The notebook was penned by Emily Ward in 1892 as a ‘spoonful of advise’ to the new starters at Norland College.
Norland went on to become an elite training school for nannies hired by the wealthy, royalty and oligarchs.
She created the school for nursery nurses in distinctive uniforms to be employed by wealthy families to take some of the pressure off mothers.
Emily kept a note book which doubled as a diary and training manual which laid out her vision for the academy and what is expected of all students.
The notebook, which has been seen for a century, has now been found in a dusty box in an attic at the college’s current HQ in Bath, Somerset.
It states how the institute was a chance for “the better and more educated class of women to enter the ranks of domestic service”.
It includes letters, press clippings and entries which date from May 14th 1892 through to November 6th 1919.
The fragile pages contain personal insights into the college at its original site at 19 Holland Park in Notting Hill in London in Autumn 1892.
The black leather bound A5 book contains over 120 pages of first-hand accounts of the founding days of the college, or Norland Institute as it was first known.
In the excerpts, Emily Ward tells of the challenges of starting an educational establishment to train young women in the new profession of a nanny.
The fees for six months of training were £36 residential and £25 non-residential, which would be £3,200 and £2,200 respectively at today’s prices.
Salaries were £20 for first year, with an increase by £2 for next 4 years – £1,800 at today’s prices.
It was lost for years but the notebook was found by a lecturer at the college, Elizabeth Kerry, who was sorting out old boxes at the college’s site in Bath, Somerset.
She said: ””When Norland College was moving to Bath a group of us packed up non-sensitive documents and files.
”I had a box of artefacts and just put the box in my loft at home. Whilst sorting out my paperwork recently,
”I stumbled across the box; it was the first time I have really looked at what is inside.
”Amongst all of the items was a leather bound book, with pieces of newspaper sticking out of the sides.
”As soon as I opened the first page and saw the handwriting and the date ‘1892’ I thought ‘Oh my goodness, this is Emily Ward’s notebook.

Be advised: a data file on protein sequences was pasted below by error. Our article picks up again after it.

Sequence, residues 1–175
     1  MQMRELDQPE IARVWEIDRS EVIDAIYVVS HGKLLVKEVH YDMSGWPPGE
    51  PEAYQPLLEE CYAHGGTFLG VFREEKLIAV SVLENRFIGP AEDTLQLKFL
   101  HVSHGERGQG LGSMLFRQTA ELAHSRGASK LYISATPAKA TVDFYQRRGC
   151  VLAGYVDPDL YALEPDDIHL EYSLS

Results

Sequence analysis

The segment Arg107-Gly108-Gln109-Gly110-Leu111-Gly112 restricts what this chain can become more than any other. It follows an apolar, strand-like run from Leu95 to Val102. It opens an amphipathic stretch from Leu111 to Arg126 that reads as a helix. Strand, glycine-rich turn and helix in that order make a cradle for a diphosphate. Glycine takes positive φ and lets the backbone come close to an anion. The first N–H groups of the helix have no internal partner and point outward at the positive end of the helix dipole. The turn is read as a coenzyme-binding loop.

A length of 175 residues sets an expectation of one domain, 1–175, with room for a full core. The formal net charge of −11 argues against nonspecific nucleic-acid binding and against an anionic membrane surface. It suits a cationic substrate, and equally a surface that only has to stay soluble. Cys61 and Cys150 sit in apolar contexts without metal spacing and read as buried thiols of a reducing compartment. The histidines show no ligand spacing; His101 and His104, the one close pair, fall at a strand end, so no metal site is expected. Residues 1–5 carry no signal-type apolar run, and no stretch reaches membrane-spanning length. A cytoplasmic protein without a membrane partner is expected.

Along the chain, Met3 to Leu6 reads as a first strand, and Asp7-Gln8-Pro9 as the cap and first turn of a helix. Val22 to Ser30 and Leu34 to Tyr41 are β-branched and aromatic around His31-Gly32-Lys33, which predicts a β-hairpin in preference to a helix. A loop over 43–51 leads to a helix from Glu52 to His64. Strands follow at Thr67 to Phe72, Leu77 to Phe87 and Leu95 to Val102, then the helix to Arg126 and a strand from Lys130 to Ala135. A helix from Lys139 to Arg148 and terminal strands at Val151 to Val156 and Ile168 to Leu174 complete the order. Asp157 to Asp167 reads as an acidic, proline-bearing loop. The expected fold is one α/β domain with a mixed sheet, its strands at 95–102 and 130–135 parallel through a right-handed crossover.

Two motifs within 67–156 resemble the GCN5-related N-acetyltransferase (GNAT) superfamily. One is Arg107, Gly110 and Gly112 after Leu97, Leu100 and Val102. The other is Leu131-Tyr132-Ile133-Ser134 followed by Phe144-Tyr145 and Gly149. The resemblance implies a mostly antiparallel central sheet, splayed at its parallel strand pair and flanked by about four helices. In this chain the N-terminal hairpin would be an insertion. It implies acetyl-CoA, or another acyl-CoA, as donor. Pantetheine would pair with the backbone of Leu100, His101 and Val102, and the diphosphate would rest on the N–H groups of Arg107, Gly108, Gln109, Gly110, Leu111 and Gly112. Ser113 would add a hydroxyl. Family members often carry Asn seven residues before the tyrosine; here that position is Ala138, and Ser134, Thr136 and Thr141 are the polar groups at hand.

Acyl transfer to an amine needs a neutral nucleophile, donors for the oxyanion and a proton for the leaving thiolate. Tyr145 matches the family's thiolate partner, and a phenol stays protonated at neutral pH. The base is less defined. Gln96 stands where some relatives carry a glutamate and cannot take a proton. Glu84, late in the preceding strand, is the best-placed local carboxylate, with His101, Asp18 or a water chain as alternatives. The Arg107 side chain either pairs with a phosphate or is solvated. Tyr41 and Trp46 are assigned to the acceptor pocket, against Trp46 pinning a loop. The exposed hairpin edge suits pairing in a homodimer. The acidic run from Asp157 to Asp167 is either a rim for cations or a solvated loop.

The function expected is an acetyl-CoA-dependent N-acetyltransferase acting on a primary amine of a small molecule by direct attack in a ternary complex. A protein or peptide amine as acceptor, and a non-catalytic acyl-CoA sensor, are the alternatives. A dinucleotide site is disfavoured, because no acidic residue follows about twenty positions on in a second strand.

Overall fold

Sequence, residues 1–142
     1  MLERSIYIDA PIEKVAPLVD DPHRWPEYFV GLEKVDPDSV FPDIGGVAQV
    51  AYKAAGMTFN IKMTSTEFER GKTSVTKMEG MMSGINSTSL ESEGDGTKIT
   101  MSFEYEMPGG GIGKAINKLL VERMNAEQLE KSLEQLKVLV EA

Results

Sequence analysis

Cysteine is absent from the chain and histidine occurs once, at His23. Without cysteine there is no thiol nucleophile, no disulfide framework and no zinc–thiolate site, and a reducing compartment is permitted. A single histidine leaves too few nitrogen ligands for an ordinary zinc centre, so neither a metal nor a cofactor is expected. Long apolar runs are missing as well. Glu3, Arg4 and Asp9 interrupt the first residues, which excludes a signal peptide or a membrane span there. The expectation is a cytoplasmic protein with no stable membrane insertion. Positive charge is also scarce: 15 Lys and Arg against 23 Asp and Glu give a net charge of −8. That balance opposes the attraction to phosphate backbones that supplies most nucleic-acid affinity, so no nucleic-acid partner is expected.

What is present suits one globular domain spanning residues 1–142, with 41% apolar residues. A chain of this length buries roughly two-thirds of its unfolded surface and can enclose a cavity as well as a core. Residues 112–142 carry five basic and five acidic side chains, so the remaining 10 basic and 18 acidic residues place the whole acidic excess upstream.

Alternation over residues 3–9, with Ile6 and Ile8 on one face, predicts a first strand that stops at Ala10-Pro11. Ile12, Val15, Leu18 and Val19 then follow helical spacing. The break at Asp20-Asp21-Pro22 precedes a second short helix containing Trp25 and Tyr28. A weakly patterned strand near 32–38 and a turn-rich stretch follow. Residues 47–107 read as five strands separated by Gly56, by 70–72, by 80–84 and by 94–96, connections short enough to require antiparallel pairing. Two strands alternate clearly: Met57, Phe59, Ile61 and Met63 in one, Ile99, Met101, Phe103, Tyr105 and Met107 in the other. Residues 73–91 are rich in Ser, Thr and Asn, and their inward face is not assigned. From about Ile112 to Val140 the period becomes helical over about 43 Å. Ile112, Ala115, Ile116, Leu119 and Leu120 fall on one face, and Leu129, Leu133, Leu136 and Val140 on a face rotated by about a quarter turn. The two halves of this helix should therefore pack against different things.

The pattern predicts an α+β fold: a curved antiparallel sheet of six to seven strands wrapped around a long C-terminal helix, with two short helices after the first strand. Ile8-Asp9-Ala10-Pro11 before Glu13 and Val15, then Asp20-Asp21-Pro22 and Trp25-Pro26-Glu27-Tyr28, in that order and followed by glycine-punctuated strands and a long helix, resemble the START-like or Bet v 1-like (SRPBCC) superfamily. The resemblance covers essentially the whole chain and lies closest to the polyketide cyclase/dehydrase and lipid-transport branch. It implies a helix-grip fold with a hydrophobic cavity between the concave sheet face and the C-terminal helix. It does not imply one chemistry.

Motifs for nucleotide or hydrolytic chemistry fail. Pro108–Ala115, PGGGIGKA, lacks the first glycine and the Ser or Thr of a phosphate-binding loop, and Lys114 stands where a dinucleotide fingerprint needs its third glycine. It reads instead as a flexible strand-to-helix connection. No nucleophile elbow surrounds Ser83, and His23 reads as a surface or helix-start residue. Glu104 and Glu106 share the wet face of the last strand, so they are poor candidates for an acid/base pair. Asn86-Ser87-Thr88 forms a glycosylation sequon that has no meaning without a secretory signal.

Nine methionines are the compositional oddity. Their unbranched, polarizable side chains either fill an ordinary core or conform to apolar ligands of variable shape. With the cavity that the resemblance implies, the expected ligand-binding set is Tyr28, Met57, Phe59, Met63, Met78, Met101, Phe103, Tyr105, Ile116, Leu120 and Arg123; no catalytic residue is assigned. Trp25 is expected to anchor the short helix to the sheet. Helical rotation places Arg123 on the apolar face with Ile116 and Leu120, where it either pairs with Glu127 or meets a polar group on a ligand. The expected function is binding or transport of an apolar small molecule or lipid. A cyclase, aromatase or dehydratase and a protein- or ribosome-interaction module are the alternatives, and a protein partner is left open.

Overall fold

”I gently packaged up the book and brought it into the college for the team to see.”
“There has been a great deal of excitement about the notebook.
”The pages are very delicate in places, but there are so many pages of information and cuttings from those early days, which are so precious and valuable to us.”
In 1892 Ms Ward’s dream became reality, with five pupils enrolled in the centre at Holland Park, Notting Hill, London.
“To form a new occupation for young women whose circumstances do not enable them to undergo the long course of professional training essential to a successful educational career.”
According to the book the school ”to the mother means freedom from some of the most wearying anxiety that comes with the care of children, more leisure for her own recreation; pleasure in the company of an educated equal and the help which comes in working hand-in-hand with another bent on the same object.
“To the nurse it means a home where the ordinary domestic virtues of no special market value are appreciated – a position of confidence and trust, a healthful life, and above all, the sense that the character of a future generation is to a certain extent, in her hands.”
The book says: “The Nurse works with and not instead of, or for, the mother.
“To the mother it means freedom from some of the most wearying anxiety that comes with the care of children, more leisure for her own recreation.”
Ms Ward’s immaculate handwriting detailed the names and addresses of people wanting a nursery nurse – from Chelsea, to Somerset, Manchester and even Moscow.
It shows Emily held a series of ‘drawing room’ meetings in wealthy areas of London, to gain interest from local families and hospitals, where the students would work.